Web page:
Surreal Family Planning

Harken yourselves back to my four week post partum appointment where my OBGYN asked if I wanted birth control and I laughed in his face politely declined his generous offer and he warned me that stranger things have happened than an infertile getting pregnant unexpectedly.

No, stop panicking, I’m not pregnant. I have not had a real scare. Put the torches away.

But three women in my birth club are pregnant already. Which I’m not going to comment on any further than that.

I do not want to be pregnant right now. I have a lot of reasons for it, which I’m happy to list:

1. It’s better for your body to have 12-18 months after delivery to recover.

2. I am invested in having Charlie’s first year be just hers, and not have her sharing that with a pregnancy that could be anywhere from perfectly fine to absolutely debilitating

3. I don’t feel like I am the person who could care for two kids under two. I mean I’m sure I’d figure it out, but it’s not my dream scenario.

4. I know that a pregnancy can affect breastfeeding your current child, and I’m committed to breastfeeding Charlie for 12-18 months, less if she self-weans.

5. My house, while it seemed big before I had one baby, is definitely not big enough for two.

So yeah. For the first time in….a while, I do not want to be pregnant. I do not want an accidental pregnancy. And at the time saying no to birth control seemed like the right thing because I’M INFERTILE. And breastfeeding for goodness sakes.

So we just haven’t been worrying about it. And last Saturday night we didn’t worry about it.

And then Monday I had EWCM and cramps.

Now I, of ALL people, know that hormones are a tricky, tricky beast, and you can have all manner of signs without actually ovulating. God how many times has that happened to me before? Also, Saturday to Monday? That’s quite a gap. Only in the fertile world would that be a viable pregnancy window. But it didn’t matter. I panicked a little bit.

And yet it didn’t keep me from, ahem, not worrying about it again this past Saturday night (apparently that’s our new night).

What is wrong with me? I DO NOT WANT TO BE PREGNANT. I feel like there is something psychological about this. Like I do NOT WANT TO TAKE THE PILL. And buying condoms just seems wrong. But, see above re: I DO NOT WANT TO BE PREGNANT.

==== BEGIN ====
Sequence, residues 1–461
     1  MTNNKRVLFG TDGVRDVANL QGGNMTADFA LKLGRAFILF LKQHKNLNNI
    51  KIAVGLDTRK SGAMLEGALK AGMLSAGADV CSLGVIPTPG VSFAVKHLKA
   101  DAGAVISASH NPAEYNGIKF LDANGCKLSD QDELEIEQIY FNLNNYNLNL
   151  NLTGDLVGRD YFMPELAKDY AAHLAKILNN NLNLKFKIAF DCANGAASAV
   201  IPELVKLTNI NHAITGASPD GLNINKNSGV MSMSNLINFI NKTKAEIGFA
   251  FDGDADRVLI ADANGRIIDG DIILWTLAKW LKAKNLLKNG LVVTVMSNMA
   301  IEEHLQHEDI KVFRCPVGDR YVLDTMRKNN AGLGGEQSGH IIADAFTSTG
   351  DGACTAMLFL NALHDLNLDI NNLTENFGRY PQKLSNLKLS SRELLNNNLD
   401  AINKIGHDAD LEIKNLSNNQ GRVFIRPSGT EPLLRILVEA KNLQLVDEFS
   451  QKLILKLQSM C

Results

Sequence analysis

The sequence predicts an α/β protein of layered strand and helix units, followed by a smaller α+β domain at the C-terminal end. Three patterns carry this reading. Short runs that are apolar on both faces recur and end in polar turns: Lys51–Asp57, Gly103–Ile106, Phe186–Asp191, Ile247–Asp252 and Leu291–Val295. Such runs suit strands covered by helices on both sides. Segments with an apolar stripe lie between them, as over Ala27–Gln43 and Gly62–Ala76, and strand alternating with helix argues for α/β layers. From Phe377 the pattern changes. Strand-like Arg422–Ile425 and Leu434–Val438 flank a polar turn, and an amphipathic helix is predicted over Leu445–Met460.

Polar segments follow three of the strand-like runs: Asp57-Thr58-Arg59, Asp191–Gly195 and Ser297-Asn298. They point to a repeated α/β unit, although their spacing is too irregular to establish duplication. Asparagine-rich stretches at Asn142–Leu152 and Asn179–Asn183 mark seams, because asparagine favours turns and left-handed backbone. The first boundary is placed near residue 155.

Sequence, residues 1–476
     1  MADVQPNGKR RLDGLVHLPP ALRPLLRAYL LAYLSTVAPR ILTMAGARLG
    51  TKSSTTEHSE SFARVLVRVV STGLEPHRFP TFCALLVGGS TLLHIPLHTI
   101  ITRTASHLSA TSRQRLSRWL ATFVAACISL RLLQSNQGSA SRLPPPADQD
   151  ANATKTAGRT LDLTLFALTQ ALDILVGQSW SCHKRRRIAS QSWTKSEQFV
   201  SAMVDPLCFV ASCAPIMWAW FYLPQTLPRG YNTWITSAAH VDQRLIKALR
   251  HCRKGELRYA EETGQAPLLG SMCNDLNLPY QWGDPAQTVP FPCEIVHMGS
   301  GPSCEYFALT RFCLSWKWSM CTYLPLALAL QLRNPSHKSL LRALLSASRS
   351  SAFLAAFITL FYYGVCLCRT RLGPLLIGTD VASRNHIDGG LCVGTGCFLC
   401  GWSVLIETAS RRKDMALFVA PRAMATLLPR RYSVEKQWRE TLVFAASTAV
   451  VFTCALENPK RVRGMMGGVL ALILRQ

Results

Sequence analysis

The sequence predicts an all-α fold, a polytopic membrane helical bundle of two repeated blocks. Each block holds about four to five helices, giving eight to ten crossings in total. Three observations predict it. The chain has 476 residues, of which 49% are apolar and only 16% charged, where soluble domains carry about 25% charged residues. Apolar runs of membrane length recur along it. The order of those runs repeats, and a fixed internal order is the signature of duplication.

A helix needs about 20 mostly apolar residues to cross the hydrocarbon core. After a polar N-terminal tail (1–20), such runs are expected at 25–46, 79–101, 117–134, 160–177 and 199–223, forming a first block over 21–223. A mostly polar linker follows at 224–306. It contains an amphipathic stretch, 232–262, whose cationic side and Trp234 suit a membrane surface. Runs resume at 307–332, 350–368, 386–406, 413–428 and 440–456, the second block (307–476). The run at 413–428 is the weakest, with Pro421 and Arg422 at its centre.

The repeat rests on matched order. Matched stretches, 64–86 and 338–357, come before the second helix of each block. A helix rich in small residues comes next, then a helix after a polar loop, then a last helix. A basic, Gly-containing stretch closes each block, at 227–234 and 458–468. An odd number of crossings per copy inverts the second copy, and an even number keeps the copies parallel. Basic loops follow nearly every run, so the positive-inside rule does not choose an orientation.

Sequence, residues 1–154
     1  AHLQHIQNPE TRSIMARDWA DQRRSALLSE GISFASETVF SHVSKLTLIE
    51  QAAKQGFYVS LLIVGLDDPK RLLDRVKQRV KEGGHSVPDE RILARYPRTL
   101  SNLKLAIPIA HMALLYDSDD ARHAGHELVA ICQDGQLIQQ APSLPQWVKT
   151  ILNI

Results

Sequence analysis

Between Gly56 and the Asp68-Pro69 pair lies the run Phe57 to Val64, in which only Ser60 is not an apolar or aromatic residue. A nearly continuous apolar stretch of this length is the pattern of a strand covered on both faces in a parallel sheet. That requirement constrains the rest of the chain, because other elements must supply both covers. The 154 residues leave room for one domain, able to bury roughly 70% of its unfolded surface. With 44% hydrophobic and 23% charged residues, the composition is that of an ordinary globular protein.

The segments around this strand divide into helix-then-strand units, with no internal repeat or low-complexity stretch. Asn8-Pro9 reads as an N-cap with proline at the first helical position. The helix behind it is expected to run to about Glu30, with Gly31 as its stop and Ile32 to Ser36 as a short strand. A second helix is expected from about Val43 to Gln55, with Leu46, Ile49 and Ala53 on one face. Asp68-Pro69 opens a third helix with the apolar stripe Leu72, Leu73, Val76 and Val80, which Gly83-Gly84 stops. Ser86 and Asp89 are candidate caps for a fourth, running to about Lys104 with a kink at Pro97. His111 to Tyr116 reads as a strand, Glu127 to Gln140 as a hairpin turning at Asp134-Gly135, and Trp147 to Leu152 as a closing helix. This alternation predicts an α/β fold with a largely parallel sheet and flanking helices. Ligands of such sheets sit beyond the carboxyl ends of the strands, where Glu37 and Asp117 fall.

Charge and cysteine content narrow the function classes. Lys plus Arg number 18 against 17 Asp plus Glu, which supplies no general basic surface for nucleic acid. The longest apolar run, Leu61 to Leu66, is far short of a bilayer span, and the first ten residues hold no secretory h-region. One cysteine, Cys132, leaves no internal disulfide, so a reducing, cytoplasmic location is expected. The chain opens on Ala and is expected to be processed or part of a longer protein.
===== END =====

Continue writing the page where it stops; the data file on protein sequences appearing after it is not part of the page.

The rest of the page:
All I can figure is that after trying to get pregnant for so hard and so long, I have a mental aversion to birth control. And I also feel stupid for even worrying about it because I have a hormonal imbalance (PCOS) that has prevented me from getting pregnant. And endometriosis. It feels like the height of huberus to assume that that’s just fixed now. The deal is that I realize it’s NOT. I just also realize that….it could be. That story of the unicorn woman who went through fertility treatment to get pregnant and finally have a baby ONLY TO THEN GET PREGNANT THREE MONTHS LATER is too prevalent to not be true occasionally.

So, huberus or not, I think I’m going to have to reopen the discussion of birth control before I get myself into a situation that is not in the better interest of my family. I want another baby, and obviously if we did have an accident we would embrace it and it would be a blessing, but I would mourn Charlie’s first year, which feels like OUR first year.

I welcome comments on this post as with any post, but I do want to say that I know we all have different ideas of what is best in regards to child spacing. Please keep in mind that this post is what is best for me and my husband and child, and is not a reflection on my thoughts towards any of you.

 

Misconceptions about being a SAHM

Since becoming a SAHM I’ve discovered that people have some real misconceptions about the gig. I was some of those people!

1.My house will always be clean! Wrong. Wrong wrong wrong. And some of it could be that I am a SAHM who also works, so I’m spending the four hours a day that Charlie is either napping or playing or swinging on her own chained to my computer. I’m also not ashamed to say that if I’m done with my work by the afternoon nap then I will often nap with her because I’m doing a lot of night parenting (sleep training just isn’t for me I’ve decided) so an extra nap can really help. So my house is a bit messy, but it’s still cleaner than it has any right to be because when I do clean I bust my tail at it.

2. I will NOT be one of those moms who wears PJ’s all day. Uh, as I type this, I’m wearing a towel. Before that it was a nightgown. And I don’t even sleep in nightgowns because I prefer easy access for night breastfeeding, so, uh, I don’t sleep in much. I literally get up and put on a night gown as my work uniform of the day.